i-:i'iinji lathyrus in feeding cakes have been reported

and some such

outbreaks

have formed the subject of subsequent legal proceedings.

As long

ago as

1820,

the Paris Veterinary

School warned

farmers

against

using

lathyrus peas

for

horses as. it caused them to become roarers and to die if worked. The main

symptoms of equine lathyrism are (i) weak lumbar muscles (' gone in the

loins'),

lii)

Roaring

(from

recurrent

laryngeal

palsy).

sudden death on exertion,

(iv)

Rapid and weak pulse,

(Hi) Dyspnoea

and

(v)

Debility, tremor

and stiffness

of

the

legs.

At rest

the

horse might

appear

exertion attacks of the above symptoms might appear

and

quite

well, but cm

disappear equally

suddenly.

The first

signs in

some

horses is stumbling

and

staggering

whilst

at work so that, if pushed, they might stagger and even fall to the ground.

  • 4. THE

CAUSE OF LATHYRISM.

Throughout the centuries in diverse countries from the time of Hippo-

crates, the disease has been attributed to the consumption of the lathyrus pea

in sufficient

quantity

over a sufficient

period

of time.

What

is

the

factor

in

« mixture

of peas

from

a lathyrus crop that causes lathyrism?

From experi-

mental work Acton and Chopra

indicated

that the

cause

was

a water

soluble

nmine which was increased during germination and

which

could

 

be removed

• nun

the l.ithyrus

by soaking the grain

for

24 hours

in three

changes of water

i/mi. Mai. Caz., Nov. 1922). But some crops of lathyrus will apparently

produce lathyrism whilst other crops will not and the experimental work of many workers give discordant results as to the poisoning properties of lathyrus. Anderson. Howard and Simonsen, a team combination of a medical research worker with a botanist and a chemist, by a well-planned research spread over many months, showed that a bazar specimen of lathyrus contained several •li.-tinct varieties of peas from which they separated amongst others two of

»l«Tial importance, Lnthyrus

sativus

and

Vicia sativa,

which they cultivated

m botanically pure culture. They concluded that lathyrus was chemically

  • 54 Laihyrism

in

U. P.

and Its

Cause.

free from alkaloids and that controlled feeding experiments over long periods

with ducks and monkeys showed that the grains are harmless and even nourish- ing to these animals. They found that Yicia saliva, a weed commonly con- taminating a lathyrus crop, possessed alkaloidal bases. One, divicine, produced a characteristic and fatal disease when innoculated into guinea-pigs. Vicia saliva when fed to ducks caused death, and in monkeys produced characteristic nervous and muscular symptoms. Though some of these symptoms have been

described in human latbyrism they were not yet prepared to state

that Akta

is the cause of lathyrism in man (Ind. Jour. Med. Res., XII, 4, 1925).

 
  • 5. THE

LUCKNOW

TONGA

PONY

EXPERIMENTS.

• Was

the

cause of

lathyrism

residual in Lathyrus

sativus, or

in

the

con-

taminating weed Vicia saliva f

It

is of the utmost importance

to

decide this

point for in famine periods, when vast outbreaks.of

lathyrism arc apt to occur,

the effective

preventative

steps to

be advised

differ

according

to

which

pea

is actually responsible.

Therefore I devised the following experiment and, in

consultation

with

Major

L.

A.

P.

Anderson, I.-M.S., of

the Central

Research

Institute, Kasauli, J. T. Edwards, Esq., of the Imperial Institute of Veterinary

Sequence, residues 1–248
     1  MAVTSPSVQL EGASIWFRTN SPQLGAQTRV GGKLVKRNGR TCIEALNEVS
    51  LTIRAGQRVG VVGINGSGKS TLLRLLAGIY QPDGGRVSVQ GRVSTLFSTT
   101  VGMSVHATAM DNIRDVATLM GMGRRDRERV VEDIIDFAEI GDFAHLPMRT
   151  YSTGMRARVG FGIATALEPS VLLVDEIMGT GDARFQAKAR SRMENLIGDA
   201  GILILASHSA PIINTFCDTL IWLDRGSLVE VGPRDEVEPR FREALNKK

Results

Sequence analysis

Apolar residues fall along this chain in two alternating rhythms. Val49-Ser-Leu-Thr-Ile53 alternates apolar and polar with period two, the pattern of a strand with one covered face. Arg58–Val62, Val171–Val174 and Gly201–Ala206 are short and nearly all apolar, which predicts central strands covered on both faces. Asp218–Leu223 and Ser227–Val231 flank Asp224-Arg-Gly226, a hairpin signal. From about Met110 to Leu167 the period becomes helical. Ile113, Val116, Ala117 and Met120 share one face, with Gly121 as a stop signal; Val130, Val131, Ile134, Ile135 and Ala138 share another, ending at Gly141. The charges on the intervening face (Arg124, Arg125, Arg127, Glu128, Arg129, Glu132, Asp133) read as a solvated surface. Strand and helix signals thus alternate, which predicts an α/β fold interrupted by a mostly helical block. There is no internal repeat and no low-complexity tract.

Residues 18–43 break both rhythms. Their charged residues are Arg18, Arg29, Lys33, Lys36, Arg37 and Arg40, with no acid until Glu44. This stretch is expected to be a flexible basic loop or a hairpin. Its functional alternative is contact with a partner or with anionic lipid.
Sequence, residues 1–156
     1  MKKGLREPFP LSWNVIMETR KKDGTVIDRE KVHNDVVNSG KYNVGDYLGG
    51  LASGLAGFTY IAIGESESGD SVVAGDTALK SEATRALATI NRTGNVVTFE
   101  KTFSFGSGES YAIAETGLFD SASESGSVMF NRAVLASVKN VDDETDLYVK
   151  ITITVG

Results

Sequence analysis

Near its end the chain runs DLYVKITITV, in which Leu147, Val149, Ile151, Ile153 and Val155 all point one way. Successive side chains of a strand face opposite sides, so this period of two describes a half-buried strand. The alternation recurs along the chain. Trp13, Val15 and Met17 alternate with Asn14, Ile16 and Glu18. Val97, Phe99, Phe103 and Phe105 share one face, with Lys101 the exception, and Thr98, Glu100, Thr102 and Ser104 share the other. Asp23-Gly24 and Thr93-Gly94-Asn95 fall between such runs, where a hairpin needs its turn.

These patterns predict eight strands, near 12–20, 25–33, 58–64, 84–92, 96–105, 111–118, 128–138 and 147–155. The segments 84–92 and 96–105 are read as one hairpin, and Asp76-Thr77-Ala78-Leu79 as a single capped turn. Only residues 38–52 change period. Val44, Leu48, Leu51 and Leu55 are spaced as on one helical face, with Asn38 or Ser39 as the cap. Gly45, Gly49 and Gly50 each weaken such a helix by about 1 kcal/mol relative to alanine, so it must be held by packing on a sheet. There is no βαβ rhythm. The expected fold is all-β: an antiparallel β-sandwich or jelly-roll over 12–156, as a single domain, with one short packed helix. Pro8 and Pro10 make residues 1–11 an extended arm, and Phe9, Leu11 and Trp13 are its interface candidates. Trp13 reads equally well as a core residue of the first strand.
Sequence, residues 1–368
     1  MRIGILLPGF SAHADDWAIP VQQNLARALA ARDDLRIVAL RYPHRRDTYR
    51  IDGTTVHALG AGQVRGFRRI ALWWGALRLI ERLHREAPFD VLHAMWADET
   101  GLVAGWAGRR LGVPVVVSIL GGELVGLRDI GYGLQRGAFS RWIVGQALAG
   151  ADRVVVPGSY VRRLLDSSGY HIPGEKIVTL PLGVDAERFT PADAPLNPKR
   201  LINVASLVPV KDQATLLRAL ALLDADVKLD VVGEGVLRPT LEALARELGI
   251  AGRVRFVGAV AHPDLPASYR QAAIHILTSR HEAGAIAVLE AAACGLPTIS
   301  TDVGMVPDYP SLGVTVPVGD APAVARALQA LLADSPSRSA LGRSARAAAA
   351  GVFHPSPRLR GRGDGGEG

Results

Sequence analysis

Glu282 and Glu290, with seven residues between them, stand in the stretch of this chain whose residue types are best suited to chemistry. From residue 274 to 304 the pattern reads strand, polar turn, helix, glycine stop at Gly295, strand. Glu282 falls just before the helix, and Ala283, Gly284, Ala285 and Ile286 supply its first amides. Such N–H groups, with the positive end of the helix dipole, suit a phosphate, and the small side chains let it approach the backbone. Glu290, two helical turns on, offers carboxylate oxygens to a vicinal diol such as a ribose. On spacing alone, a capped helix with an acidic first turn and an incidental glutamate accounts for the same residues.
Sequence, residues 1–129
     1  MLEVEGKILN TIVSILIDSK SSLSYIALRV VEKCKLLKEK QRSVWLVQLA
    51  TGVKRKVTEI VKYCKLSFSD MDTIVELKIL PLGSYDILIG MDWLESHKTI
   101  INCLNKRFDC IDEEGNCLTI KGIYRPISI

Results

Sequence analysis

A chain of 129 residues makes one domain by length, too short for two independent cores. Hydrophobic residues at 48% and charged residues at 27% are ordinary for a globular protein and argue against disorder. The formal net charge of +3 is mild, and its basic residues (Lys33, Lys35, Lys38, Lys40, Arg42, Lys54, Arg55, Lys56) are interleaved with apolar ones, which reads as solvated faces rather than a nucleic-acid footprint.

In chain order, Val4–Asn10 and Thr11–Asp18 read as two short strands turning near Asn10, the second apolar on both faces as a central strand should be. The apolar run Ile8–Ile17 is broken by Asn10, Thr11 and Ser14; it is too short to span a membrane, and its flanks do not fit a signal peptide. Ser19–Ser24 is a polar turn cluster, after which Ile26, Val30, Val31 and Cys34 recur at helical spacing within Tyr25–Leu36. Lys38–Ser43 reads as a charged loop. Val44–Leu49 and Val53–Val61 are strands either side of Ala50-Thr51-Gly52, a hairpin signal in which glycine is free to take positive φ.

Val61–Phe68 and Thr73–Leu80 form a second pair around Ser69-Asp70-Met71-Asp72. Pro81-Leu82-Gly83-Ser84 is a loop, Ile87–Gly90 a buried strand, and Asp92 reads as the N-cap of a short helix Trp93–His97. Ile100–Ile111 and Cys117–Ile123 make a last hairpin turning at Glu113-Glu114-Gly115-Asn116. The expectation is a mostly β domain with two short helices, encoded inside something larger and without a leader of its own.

Research, Muktesar and Captain Hickey of the Civil Veterinary

 

Department,

"United Provinces, put

it

into effect.

Three healthy

tonga ponies were pur-

chased in the bazaar

and kept for a period in quarantine.

Their age

(2 years

(male), height (10 feet 3 inches), girth

(48 inches), shank

(6

3 months), sex inches), weight

(50 seers)

and condition

(fair)

were approximately the same

and the ponies were seen at fortnightly intervals by Captain Hickey who

recorded their progress. I saw the ponies daily at one feed and weekly at

trotting and cantering exercise.

To

each

pony the same

basic diet was given,

namely, three pounds of barley with salt, a handful of lucerne when available

and grass feeding ad lib. To No. 1 pony, a chestnut, named ' Vicia,' three pounds of Vicia saliva daily were given mixed in the basic diet. To No. 2

pony, a roan named ' Lathyrus,'

three pounds of Lathyrus

sativus

daily were

given mixed in the basic diet. To No. 3 . pony, a starred chestnut named

' Control,' the basic diet

only

was given.

The lathyrus

and vicia were grown

in botanically pure culture at the Institute of Plant Industry, Indore, Central

India, and these

pure strains I

was able to obtain through the courtesy

of the

Director, A. Howard,

Esq.,

C.I.E.

A daily

register

was maintained

of

each

pony's feeds, exercise and condition.

Each

feed

was mixed and

given

in

the

presence of Dr.

R. S. Lai, demonstrator

in pathology

at

the King

George's

Medical College, to whom I am indebted for this considerable help.

 

The

amount of any feed left by the animal was entered in the register. It was

expected from the experience of previous outbreaks of lathyrism in horses, that

with this dosage of the pea symptoms of lathyrism would appear the most 2 months.

in

one or

at

The experiment started on 12th November, 1928, and was continued until

6th April, 1929, that

is

for

4

months

24

days, when

it

was

forced

to

stop

 

H.

Stott.

55

owing to the exhaustion of

botanically pure strains of the grain

At

the end

of this period, all ponies were in equal and excellent condition and

had

put on

weight.

At

no time

did

they

show any evidence

of disease either

at

ie,t

o,-

during or after exercise.

 
 

6.

A

PLEA FOE FURTHER RESEARCH.

 

I conclude therefore that the experimental proof of the factor in a

lathyru,

crop winch

causes lathyrism

is

not

yet

complete and

I

urge that

fu X

research may be devoted to the solution of this important problem